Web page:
Breakfast is the most important meal of the day. Adults may have been told it's okay to skip it (especially when you want to sleep in or are running late to work).
It contains oleic acid, which helps heart health, lowers cholesterol, and maintains blood pressure.It's rich in lutein, an antioxidant that reduces cataracts and macular degeneration.
Like Dr. Hayag, many doctors eat eggs for breakfast. Not because he's a millennial, Dr. Paull jokes, but because eggs are a good source of protein, he tops his avocado toast with two sunny-side-up eggs. Pediatrician Alison Mitzner, MD, says a protein-rich breakfast prevents cravings.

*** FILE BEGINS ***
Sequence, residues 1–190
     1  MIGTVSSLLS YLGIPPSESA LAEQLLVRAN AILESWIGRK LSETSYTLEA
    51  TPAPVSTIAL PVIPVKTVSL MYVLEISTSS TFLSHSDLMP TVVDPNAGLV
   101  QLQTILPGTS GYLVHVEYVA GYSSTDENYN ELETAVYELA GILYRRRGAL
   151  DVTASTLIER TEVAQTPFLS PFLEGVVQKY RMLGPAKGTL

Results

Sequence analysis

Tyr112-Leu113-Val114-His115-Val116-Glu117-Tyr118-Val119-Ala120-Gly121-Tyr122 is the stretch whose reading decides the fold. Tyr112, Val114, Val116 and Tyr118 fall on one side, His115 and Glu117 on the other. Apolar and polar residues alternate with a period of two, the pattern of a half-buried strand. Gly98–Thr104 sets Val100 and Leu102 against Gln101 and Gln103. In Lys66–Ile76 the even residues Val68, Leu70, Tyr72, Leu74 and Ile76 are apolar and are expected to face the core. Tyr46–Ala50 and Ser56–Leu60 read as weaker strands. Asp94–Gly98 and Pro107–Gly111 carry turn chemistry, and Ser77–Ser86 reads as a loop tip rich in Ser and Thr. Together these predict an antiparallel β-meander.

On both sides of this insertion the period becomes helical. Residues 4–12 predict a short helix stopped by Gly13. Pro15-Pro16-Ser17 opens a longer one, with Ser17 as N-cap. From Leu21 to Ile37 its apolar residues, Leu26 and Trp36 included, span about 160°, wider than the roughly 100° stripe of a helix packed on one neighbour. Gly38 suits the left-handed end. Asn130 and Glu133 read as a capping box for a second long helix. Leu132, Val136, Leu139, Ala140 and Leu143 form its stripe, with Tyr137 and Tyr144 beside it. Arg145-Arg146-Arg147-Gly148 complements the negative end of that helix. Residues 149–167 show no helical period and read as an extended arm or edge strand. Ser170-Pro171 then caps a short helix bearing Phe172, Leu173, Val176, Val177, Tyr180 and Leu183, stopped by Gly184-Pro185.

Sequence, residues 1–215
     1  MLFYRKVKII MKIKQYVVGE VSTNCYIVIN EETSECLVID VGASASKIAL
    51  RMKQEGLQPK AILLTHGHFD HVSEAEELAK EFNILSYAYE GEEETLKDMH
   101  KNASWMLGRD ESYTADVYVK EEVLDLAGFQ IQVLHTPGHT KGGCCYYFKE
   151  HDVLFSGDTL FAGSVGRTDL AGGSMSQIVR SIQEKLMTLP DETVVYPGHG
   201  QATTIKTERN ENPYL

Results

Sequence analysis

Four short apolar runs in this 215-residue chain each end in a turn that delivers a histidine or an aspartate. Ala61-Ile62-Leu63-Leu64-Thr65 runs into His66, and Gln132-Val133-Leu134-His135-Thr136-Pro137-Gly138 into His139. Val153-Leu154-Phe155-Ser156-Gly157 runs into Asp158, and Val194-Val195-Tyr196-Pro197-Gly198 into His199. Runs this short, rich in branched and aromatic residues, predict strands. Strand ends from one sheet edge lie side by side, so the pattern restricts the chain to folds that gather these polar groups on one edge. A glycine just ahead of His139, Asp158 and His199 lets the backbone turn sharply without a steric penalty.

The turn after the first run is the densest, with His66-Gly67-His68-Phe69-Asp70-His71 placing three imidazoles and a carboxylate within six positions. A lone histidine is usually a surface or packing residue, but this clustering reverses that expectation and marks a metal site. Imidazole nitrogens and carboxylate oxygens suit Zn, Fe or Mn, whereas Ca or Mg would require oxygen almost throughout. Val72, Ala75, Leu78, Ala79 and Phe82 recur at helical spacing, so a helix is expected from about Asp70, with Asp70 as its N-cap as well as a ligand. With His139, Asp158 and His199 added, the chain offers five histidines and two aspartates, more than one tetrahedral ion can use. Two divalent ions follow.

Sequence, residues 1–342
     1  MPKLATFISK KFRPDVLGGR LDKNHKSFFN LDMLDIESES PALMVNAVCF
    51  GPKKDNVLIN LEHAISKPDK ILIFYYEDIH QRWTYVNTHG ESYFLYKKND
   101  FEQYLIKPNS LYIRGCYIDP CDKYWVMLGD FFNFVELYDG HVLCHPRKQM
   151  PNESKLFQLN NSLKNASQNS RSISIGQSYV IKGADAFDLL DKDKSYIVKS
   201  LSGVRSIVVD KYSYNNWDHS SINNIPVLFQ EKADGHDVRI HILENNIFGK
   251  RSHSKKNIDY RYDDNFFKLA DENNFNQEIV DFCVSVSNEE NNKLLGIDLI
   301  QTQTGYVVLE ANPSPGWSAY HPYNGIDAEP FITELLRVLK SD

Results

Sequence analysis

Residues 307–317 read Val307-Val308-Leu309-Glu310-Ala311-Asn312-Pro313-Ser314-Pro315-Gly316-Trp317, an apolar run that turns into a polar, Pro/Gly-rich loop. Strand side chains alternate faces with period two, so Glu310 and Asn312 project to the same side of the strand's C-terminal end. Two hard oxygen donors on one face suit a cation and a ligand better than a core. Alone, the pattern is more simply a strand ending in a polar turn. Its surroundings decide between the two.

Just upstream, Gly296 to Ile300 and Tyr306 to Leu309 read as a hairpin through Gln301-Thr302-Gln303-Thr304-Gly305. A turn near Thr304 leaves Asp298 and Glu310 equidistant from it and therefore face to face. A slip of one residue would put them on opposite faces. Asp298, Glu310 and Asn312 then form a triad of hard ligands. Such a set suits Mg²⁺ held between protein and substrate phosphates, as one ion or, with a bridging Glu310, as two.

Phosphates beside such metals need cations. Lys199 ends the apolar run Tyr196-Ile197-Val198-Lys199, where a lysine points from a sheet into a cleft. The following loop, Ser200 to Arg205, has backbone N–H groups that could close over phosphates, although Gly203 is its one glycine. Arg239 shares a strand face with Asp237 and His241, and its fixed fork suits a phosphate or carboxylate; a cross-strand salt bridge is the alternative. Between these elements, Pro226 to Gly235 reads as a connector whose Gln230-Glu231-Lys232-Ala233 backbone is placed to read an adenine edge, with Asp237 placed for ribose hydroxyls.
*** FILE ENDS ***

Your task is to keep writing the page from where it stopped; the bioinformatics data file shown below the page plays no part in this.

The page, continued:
Unless it's white toast, doctors don't eat avocado on toast. On busy weekday mornings, Dr. Paul may eat only toast with butter. He specifies 100% multigrain toast.
It boosts potassium, which helps balance sodium intake, she says. The sweet and salty combination gives her a quick energy boost and keeps her full until lunch.
He also stirs it into oatmeal (see below). Brittany Robles, MD, OB-GYN, and NASM certified personal trainer for pregnant and postpartum women in Brooklyn, New York, likes to stir it into her oatmeal as well— to make what she calls "Power Oats" (see below).
Doctors also like oatmeal. Dr. Favini adds walnuts, chia seeds, and antioxidant-rich blueberries. As part of intermittent fasting, he skips breakfast (more on that below).
Dr. Mitzner makes a high-protein smoothie with almond milk and almond butter, or Greek yoghurt. Either way, it's easy and protein-rich. Not all smoothies are protein-based. Dr. Landsman mostly uses fruit and almond milk, but he adds protein-rich flaxseed. Here are more flaxseed smoothie benefits.